Scrivener 3 for Mac helps writers get the job done their own way for $30

Originally published at: Scrivener 3 for Mac helps writers get the job done their own way for $30 | Boing Boing

Is… Is… The BBStore actually repping something useful? Egad.


Yeah, Scrivener and the occasional Humble Bundle are the only Actual Deals that ever seem to come across the store. I think I actually got my current Scrivener license through one of these deals.

That said, if I hadn’t known about Scrivener already, I would have assumed it was some kind of shovelware purely on the basis of it being hawked in the Shop. In many respects, the BoingBoing Shop is its own enemy.


Hmpf. Last Scrivener I had just kept telling me, “I would prefer not to.”


Genuine question: what is it that Scrivener offers over a decent text editor? The linked PC Mag review reads more like an advert, with vague talk of “features galore” (maybe it goes into more detail further down, I quickly got bored with the marketingese).

Scrivener basically lets you manage chunks of text as separate documents within a larger document. You can manage the separate chunks by ordering them and moving them sequentially, moving them around in a tree view, summarizing them on “index cards” using the card view to visually sort them, etc. There are also features to manage additional non-text resources (PDFs, images, etc) that you might use for reference or research and keep them organized separately. It’s more a text-snippet and research-material management system with light word-processing features than it is a word processor per se.

The snippet editor means you can write out scenes, passages, whole chapters, etc., and reorder them dynamically, which is super helpful for a lot of writing workflows. There are a crap-ton of other features too which I’ve never fully explored – it’s definitely one of those tools where you can learn the three or four killer features for your workflow and lean on them heavily.


I used scrivener when I wrote my first MA thesis. It actually turned out to not work that well for me for academic writing but I can see how it would be awesome if you were writing a novel, a screenplay or a non-fiction book. It’s basically an environment that lets you store and access your research in addition to writing. It offers things like a virtual corkboard and character name generators and the writing features offer distractionless full screen writing (which Word now has as well but didn’t at the time) and chapter systems with individual documents.

All of that can be achieved with other software as well but the advantage is that it’s all in one place.

That said I haven’t used it in 10 years or so, no idea how it has developed. I still hold a license of course, so maybe I should give it another try.


I haven’t tried this feature yet, but I can’t imagine Word ever being truly “distractionless”. Despite whatever good instincts led them to include this feature, I’d bet it takes about 5 mins for some other process to crash through the door and pull you out of your work.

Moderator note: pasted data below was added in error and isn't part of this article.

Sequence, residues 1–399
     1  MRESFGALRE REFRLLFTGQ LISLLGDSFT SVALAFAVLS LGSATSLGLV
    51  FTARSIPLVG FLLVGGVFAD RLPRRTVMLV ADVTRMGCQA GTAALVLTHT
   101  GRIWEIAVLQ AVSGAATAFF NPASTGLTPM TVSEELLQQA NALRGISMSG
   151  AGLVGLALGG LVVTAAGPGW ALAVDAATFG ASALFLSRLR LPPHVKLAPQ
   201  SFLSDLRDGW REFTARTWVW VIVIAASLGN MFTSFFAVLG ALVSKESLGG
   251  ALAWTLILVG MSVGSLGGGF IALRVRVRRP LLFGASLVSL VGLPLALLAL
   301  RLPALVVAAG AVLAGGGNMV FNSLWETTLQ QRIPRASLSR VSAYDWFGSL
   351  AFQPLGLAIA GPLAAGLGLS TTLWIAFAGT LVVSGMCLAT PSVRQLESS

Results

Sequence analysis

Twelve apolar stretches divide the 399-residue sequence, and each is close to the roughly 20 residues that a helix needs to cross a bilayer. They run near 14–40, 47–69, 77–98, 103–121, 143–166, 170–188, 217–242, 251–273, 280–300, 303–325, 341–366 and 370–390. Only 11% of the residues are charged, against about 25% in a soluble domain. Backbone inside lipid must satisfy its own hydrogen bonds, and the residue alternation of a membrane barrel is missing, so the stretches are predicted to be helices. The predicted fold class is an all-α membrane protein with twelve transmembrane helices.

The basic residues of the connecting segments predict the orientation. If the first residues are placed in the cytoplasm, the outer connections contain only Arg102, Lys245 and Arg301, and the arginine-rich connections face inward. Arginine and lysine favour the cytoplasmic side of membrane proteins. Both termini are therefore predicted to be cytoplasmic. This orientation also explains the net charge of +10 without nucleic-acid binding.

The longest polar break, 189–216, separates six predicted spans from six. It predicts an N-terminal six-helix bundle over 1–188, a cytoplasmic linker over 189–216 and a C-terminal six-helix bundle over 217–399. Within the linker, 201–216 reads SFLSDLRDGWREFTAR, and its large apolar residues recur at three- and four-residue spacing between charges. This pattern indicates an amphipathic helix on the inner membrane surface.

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Interestingly, I find it to be a really good for academic writing - but that might be because because I like to order and reorder things even when I have a well planned document.

In Scrivener that’s just a matter of moving the individual sections around which I can do to my heart’s content.

The only reason I don’t finish documents in Scrivener is because it doesn’t play nicely with reference managers.


I think for me it was because at the time I bought it specifically for the distractionless writing feature which was great until I realised that as an academic I pull up PDFs or websites or databases every 2 minutes while I write. Now, in a world where having 2 screens isn’t uncommon it might actually be good to have a full screen writing canvas on your main screen and do all the research on the side screen.

I’m also a very linear writer, so rearranging things isn’t that important to me.

This is pretty much what I do these days. I have a second monitor on my laptop that I use for writing and the research and everything stays on the laptop screen. I love it, even if all it does is give me a less cluttered space where I’m not always toggling between windows. Being able to turn my head to see research or reference material has been so nice.

I did just upgrade to a much larger monitor (on Friday). My approach is probably going to change a little bit because of this, but not much. If nothing else, but eyes are happier.

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I have used Scrivener to keep my journal for three or four years now. No doubt it is a vast under-use of the software’s capabilities, but it is nice to click, say, the 2019 folder, click this month, and click today’s date to see what was going on in my life two years ago.

I took a class it Scrivener once, and was impressed with the ability to do conditional compilation- just like with code. So if you were writing a novel, you could select various chapters or versions of text to be compiled into a master document. Not that I’ve ever used it.

If you are a OneDrive user, then be careful with Scrivener. The files aren’t able to be backed up by the OneDrive sync client unless you export them or use the backup feature. We recently started migrating users to OneDrive Backup at work and found several faculty that are using Scrivener and are now constantly being warned that their files can’t be backed up.

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